BY EMILY MIBACH
Daily Post Staff Writer
The sewage processing agency that paid its former general manager $875,000 to leave his job without suing has now received two bids for the Emerald Hills home the agency bought for him.
Silicon Valley Clean Water bought the house for former General Manager Dan Child for $2.54 million in 2010 — and nine years later, the agency is bound to make a seven-digit profit.
The agency’s board will discuss the two bids for the house at 379 Greendale Way at its meeting on Monday (Nov. 18).
The two bidders are identified on the agency’s agenda only as “Ishida” and “Wall.”
The house has been on the market since June. The initial asking price was $4.5 million. But the list price appears to have fallen. Online real estate sites now show the listing price is $3.9 million.
Still, if Silicon Valley Clean Water got $3.9 million for the house, that would represent a $1.36 million profit.
The home has six bedrooms and five-and-a-half bathrooms with 6,183 square feet of living space. There are two laundry rooms, one on each level of the home, a hot tub, emergency generator and built-in sound system. The garage fits four cars.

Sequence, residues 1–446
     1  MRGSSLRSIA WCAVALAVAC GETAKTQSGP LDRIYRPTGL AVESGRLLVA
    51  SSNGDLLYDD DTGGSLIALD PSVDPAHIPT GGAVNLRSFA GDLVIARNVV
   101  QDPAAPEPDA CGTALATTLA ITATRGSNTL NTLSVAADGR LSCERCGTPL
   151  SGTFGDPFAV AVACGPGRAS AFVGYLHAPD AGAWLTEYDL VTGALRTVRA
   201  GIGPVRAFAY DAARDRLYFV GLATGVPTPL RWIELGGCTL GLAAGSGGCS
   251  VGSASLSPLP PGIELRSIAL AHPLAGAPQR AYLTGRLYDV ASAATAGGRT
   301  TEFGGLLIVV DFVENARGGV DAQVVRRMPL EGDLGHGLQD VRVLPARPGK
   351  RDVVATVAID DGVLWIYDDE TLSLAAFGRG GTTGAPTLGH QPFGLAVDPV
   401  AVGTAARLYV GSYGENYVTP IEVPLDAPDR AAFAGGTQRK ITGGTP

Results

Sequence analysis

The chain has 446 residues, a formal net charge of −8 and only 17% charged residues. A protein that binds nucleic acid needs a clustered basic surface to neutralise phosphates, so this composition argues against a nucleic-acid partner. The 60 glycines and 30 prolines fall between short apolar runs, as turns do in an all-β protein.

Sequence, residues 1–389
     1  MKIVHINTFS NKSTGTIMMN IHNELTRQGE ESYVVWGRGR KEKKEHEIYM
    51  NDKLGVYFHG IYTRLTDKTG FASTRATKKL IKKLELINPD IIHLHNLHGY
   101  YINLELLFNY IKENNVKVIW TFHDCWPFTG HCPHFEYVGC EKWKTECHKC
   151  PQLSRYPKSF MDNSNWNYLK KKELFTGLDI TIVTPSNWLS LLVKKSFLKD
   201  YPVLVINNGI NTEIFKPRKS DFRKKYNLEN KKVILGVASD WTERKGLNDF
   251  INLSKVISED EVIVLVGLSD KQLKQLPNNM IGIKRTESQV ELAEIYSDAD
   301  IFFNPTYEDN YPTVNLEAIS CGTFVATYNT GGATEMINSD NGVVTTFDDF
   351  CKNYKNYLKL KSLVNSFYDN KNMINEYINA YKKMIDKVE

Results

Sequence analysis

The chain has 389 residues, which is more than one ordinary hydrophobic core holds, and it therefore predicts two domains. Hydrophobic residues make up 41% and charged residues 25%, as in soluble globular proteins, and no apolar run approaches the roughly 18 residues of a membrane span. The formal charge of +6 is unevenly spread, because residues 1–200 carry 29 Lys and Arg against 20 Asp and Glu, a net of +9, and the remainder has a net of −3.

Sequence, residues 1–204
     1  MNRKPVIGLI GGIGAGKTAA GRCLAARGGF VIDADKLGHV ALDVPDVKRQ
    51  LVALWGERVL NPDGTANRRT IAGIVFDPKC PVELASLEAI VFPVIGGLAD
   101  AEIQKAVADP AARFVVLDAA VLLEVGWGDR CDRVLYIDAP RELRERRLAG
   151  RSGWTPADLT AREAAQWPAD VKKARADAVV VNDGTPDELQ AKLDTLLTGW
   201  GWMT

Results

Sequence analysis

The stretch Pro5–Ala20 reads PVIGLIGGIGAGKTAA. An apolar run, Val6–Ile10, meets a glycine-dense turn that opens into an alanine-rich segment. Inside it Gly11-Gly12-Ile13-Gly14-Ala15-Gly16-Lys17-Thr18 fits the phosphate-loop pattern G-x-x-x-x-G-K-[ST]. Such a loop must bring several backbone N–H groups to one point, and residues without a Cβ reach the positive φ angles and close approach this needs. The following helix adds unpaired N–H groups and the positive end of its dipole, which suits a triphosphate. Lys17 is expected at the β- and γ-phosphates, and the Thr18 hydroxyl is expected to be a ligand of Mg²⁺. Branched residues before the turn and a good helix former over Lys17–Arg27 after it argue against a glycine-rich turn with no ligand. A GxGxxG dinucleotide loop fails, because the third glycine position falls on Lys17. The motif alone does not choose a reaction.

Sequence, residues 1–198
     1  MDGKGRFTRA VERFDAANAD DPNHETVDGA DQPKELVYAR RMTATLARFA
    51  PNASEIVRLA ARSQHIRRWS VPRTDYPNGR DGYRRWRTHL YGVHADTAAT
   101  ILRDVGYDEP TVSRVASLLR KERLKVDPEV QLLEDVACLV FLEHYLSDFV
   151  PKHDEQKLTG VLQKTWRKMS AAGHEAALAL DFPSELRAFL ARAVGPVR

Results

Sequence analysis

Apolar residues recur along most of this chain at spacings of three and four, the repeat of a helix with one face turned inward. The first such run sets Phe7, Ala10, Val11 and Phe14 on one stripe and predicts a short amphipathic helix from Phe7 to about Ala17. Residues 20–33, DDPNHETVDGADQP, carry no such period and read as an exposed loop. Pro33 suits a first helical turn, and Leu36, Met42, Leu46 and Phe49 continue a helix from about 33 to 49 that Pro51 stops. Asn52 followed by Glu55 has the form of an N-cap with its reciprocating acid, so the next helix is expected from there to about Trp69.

The Greendale Way home was actually the second home the agency had bought for Child. According to previous employment agreements between Child and the agency, when Child was hired in 2006, the district agreed to pay for half of a home in an amount not to exceed $750,000.
As a result, Child bought a home at 551 Highland Ave. in Half Moon Bay.
In 2010, Child wanted to move, and got the agency to agree to buy him the Greendale house for $2.54 million.
Child’s employment contract indicates that upon leaving the district, he would get 38% of the appreciation in a home at 379 Greendale Way. Under the employment contract, his equity in the home increases year by year. He personally didn’t contribute to the purchase price of the home.
Child goes to court to keep documents secret
Child left the district in May 2018 for reasons that remain unclear.
The Post asked the sewer agency for a separation agreement of another employee, which might shed light on why Child was paid to resign. The employee’s complaint against Child was serious enough that it was mentioned in Child’s separation agreement.
Silicon Valley Clean Water decided to release that document and others to the Post. Then Child filed a lawsuit to stop the Post from getting the documents. Child claimed in his lawsuit that his reputation would be “irreparably” damaged if the separation agreement of the other employee becomes public.
Attorneys for the Post have notified the court that they intend to intervene in the lawsuit in order to get a judge to rule whether the documents should be released.
A hearing is set for Jan. 7 in Santa Clara County Superior Court.